The Commodity Futures Trading Commission (CFTC) has spent most of the start of this year complaining about its dire situation with regards to funding, but this week saw definitive proof that the regulatory reform process is starting off down the wrong track, with the admission by CFTC commissioner Michael Dunn that the regulator is pushing ahead without first putting in place vital market definitions. Confirming the fears voiced by industry participants including Sifma’s resident and CEO Tim Ryan earlier this year, Dunn indicated that tight timelines are forcing the regulator to go ahead with reforms without first laying down the groundwork and agreeing and establishing the necessary industry definitions and standards.
“We’re trying to get things out, but we really don’t have the right nomenclature out there,” Dunn told attendees to Commodity Markets Council conference earlier this week. He elaborated on the pressure the CFTC and the Securities and Exchange Commission (SEC) are facing to get reforms enacted quickly before the July deadline passes and before funding runs out.
He also noted that working alongside the SEC has proved challenging because of the need to work together to draw up new standards for the OTC markets, rather than acting alone. The old adage that two heads are better than one does not apply when disagreements break out and there isn’t time to resolve them. Dunn’s reference to “turf” issues breaking out is not surprising, given both regulators’ history in the OTC markets.
Dunn’s honesty about the matter is likely to be linked to the fact he’s set to leave the regulator in June, although a replacement has not yet been named. It is also indicative of the serious challenge the industry may face if the regulatory community fails to establish the required data details before it rushes ahead with reforms. Firstly, how can the industry expect to provide feedback to proposals when the basic definitions are not in place to be able to judge these proposals? “It’s hard for you to comment on what we have out there, when you don’t know what we’re talking about,” Dunn admitted.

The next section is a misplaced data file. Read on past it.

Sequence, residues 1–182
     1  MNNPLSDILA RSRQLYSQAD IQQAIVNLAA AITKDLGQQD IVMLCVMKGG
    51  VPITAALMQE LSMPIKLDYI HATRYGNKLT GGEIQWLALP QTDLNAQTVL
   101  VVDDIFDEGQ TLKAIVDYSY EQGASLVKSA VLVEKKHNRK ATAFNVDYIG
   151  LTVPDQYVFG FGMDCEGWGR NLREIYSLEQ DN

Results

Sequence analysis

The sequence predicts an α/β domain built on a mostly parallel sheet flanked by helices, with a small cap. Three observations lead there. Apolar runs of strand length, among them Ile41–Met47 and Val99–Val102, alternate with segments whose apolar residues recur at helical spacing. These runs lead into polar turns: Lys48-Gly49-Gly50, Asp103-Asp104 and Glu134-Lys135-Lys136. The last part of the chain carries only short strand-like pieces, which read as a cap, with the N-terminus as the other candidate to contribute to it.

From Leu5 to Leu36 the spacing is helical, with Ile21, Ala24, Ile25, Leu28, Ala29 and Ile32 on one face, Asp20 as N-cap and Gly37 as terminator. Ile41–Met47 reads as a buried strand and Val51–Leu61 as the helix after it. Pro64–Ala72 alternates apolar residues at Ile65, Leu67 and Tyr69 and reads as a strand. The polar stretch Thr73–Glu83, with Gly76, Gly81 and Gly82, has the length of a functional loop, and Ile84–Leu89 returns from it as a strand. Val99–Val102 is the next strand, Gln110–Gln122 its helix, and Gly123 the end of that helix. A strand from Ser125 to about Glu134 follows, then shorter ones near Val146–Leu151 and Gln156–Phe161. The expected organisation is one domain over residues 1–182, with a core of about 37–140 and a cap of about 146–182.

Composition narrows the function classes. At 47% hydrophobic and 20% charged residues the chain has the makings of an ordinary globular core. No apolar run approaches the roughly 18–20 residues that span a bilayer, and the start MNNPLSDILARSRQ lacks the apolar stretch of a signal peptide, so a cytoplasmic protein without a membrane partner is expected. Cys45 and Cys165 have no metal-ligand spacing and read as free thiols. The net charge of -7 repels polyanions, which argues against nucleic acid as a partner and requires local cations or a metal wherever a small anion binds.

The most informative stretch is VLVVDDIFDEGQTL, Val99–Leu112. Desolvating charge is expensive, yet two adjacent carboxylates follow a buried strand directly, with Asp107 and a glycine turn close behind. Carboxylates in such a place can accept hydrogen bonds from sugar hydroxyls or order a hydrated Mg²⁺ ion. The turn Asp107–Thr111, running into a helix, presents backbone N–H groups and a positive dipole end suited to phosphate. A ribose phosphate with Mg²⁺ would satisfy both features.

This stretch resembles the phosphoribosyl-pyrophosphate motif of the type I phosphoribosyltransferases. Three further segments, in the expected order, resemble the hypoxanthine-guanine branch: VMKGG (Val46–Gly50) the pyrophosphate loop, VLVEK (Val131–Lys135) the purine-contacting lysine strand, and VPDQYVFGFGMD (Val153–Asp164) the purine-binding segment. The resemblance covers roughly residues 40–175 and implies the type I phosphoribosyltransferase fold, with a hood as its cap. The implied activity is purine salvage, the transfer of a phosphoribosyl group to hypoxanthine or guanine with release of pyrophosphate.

This is also worrying when you consider the feedback that the Office of Financial Research has recently received regarding its legal entity identification proposals, which are also tied to a July deadline. The vast majority of respondents have asked for further clarity about the fundamentals of the proposals, including which entities will be covered and key terms used within the documentation itself). If items such as this are not addressed, firms will be unable to act on the new requirements and the reforms will be full of (loop)holes.
Last month, Sifma’s Ryan warned of the dangers of regulators pushing ahead regardless of the consequences. “It’s more important that you get it right than you get it done on a deadline that is relatively abstract,” he warned the regulatory community. It looks like this advice has been disregarded.